Arthritis Therapy Mustang OK

Local resource for arthritis therapy in Mustang. Includes detailed information on local businesses that provide access to arthritis pain relief, arthritis medication, arthritis natural treatments, rheumatoid arthritis treatments, physical therapy, and occupational therapy, as well as advice and content on arthritis surgery.

Dr.Mohammad Khan
(405) 609-4146
1044 Southwest 44th St # 600
Oklahoma City, OK
Gender
M
Speciality
Rheumatologist
General Information
Accepting New Patients: Yes
RateMD Rating
3.6, out of 5 based on 7, reviews.

Data Provided By:
Christine Ellen Codding, MD
(405) 737-6600
1044 SW 44th St Ste 620
Oklahoma City, OK
Specialties
Internal Medicine, Rheumatology
Gender
Female
Education
Medical School: Univ Of Ok Coll Of Med, Oklahoma City Ok 73190
Graduation Year: 1986

Data Provided By:
William Martin Schnitz
(405) 949-6481
5701 N Portland Ave
Oklahoma City, OK
Specialty
Internal Medicine, Rheumatology

Data Provided By:
Pedro Gismondi
(405) 631-4263
1044 Sw 44th St
Oklahoma City, OK
Specialty
Rheumatology

Data Provided By:
William Martin Schnitz, MD
(405) 949-6481
5700 N Portland Ave # 210
Oklahoma City, OK
Specialties
Internal Medicine, Rheumatology
Gender
Male
Education
Medical School: Univ Of Ok Coll Of Med, Oklahoma City Ok 73190
Graduation Year: 1987
Hospital
Hospital: Integris Baptist Med Ctr, Oklahoma City, Ok
Group Practice: Internal Medicine

Data Provided By:
Pedro Abimael Gismondi, MD
(405) 945-5200
3330 NW 56th St Ste 500
Oklahoma City, OK
Specialties
Internal Medicine, Rheumatology
Gender
Male
Languages
Spanish
Education
Medical School: Med Coll Of Ga Sch Of Med, Augusta Ga 30912
Graduation Year: 1971
Hospital
Hospital: Integris Baptist Med Ctr, Oklahoma City, Ok
Group Practice: Primary Care Partners Of Ok

Data Provided By:
Mohammad Faisal Khan
(405) 609-4146
1044 Sw 44th St Ste 600
Oklahoma City, OK
Specialty
Rheumatology

Data Provided By:
Dr.William Schnitz
(405) 949-6481
5701 N Portland Ave # 210
Oklahoma City, OK
Gender
M
Education
Medical School: Univ Of Ok Coll Of Med
Year of Graduation: 1987
Speciality
Rheumatologist
General Information
Hospital: Integris Baptist Med Ctr, Oklahoma City, Ok
Accepting New Patients: Yes
RateMD Rating
1.1, out of 5 based on 6, reviews.

Data Provided By:
Raul Romea
(405) 631-4263
1044 Sw 44th St
Oklahoma City, OK
Specialty
Rheumatology

Data Provided By:
Dr.ROBERT ARTHUR
(405) 230-9000
1110 N Lee
Oklahoma City, OK
Gender
M
Education
Medical School: Oh State Univ Coll Of Med
Year of Graduation: 1968
Speciality
Rheumatologist
General Information
Accepting New Patients: Yes
RateMD Rating
1.0, out of 5 based on 1, reviews.

Data Provided By:
Data Provided By:

New, Targeted Therapies for Arthritis

There are many different types of rheumatological diseases. A rheumatological disease is an inflammatory arthritis that affects the entire body as a whole. Rheumatoid arthritis (RA) is the most common rheumatologic disease. Certain types of rheumatoid arthritis seem to target specific joints.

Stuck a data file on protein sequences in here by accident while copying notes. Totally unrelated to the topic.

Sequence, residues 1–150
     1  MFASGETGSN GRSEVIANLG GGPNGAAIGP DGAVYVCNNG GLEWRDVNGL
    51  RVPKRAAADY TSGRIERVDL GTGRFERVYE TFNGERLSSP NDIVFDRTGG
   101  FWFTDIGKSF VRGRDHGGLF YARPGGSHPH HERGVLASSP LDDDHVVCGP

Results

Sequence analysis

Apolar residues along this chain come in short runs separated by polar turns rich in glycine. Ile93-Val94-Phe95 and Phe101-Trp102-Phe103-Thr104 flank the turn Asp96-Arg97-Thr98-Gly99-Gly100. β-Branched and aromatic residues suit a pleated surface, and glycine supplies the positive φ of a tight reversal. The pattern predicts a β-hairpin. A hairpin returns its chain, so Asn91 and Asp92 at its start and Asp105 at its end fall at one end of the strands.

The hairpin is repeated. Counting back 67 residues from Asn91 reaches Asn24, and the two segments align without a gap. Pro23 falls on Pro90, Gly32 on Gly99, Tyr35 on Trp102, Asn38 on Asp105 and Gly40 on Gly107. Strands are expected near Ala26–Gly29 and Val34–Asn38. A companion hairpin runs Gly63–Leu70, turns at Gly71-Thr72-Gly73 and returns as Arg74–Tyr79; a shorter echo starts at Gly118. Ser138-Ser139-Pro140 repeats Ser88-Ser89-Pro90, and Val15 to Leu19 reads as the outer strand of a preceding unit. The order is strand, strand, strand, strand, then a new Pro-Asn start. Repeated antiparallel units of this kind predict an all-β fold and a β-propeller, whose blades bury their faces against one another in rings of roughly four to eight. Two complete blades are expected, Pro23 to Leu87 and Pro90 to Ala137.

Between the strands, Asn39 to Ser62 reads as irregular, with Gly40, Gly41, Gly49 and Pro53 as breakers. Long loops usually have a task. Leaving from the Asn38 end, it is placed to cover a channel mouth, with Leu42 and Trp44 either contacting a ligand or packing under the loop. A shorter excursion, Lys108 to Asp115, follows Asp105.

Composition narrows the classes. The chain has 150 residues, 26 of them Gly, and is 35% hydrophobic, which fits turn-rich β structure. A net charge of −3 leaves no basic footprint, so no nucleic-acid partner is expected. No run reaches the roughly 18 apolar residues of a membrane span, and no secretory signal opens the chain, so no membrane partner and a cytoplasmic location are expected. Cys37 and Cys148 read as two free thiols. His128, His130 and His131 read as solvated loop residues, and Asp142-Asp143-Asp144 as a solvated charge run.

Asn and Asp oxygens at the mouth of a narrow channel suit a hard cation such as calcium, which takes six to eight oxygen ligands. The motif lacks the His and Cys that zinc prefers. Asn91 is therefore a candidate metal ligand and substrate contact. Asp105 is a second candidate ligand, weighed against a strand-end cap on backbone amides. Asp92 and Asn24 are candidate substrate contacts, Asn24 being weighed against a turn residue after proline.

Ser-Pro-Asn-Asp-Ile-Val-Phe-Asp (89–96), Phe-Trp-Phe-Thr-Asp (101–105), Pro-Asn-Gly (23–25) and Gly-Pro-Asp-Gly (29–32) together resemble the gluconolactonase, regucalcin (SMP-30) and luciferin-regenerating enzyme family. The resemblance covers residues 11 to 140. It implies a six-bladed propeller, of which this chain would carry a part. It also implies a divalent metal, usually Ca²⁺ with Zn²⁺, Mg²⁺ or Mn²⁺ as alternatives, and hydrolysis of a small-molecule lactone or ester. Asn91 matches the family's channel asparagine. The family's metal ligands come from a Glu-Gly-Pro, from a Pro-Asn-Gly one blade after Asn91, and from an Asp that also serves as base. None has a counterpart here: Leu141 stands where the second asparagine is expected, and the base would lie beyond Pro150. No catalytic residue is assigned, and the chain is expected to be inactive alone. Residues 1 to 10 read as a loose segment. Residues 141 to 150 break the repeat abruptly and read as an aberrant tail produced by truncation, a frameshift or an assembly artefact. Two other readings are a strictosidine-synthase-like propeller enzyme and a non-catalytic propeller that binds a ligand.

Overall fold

When a rheumatological disease affects the spine, the resulting conditon is called a spondyloarthropathy. The term is made up of Greek words: Spondylo means vertebra, arthro means joint and pathos means disease. When other more peripheral joints are affected (such as in the arms and legs), the rheumatologic arthritis is referred to as an spondyloarthritide.

In this article, Dr. Philip J. Mease from the Division of Rheumatology, University School of Medicine in Seattle, Washington gives us an update on two of the more common spondyloarthropathies: psoriatic arthritis (PsA) and ankylosing spondylitis (AS). Psoriatric arthritis affects the peripheral joints. Ankylosing spondylitis affects the spine.

New findings in the field have brought these conditions and their treatment to our attention. The first major breakthrough in understanding and treating these diseases is in the area of pathophysiology. Pathophysiology tells us what went wrong at the cellular level to cause these problems.

Researchers are identifying specific differences between rheumatoid arthritis and spondyloarthropathies. Their work in the field of osteoimmunology is helping determine what's going on between the bone cells (osteo) and the immune system. This knowledge has led to more refined development of specific drug treatments for these two types of arthritis. That's good news for anyone suffering from any kind of rheumatologic disease.

For example, MRIs of patients with spondyloarthropathies show bone edema before any actual bone damage occurs in the joints. At the same time, they have found nests of lymphocytes (white blood cells), bone cells, and blood in the bone marrow (inside bones) of patients with ankylosing spondylitis. Though the exact meaining of these findings are unknown, they point in a direction to help drug manufacturers develop medications that could stop this process.

Measuring the effect of therapy on disease activity is one way to assess new treatments. Studies look at before and after outcomes of therapy on affected joints, skin, pain, function, fatigue, and quality of life. The therapeutic effects of treatment on disease activity can be difficult to measure -- especially when those changes occur at the cellular level. MRIs and X-rays may be helpful.

Patient-reported outcomes using various surveys can help track patient perceived changes, too. Some of these tools include the Bath Ankylosing Spondylitis Disease Activity Index (BASDAI), the Bath Ankylosing Spondylitis Function Index (BASFI), and the Ankylosing Spondylitis Quality of Life (ASQoL) questionnaire.

Standard treatment of mild spondyloarthropathies start...

Click here to read the rest of this article from eOrthopod.com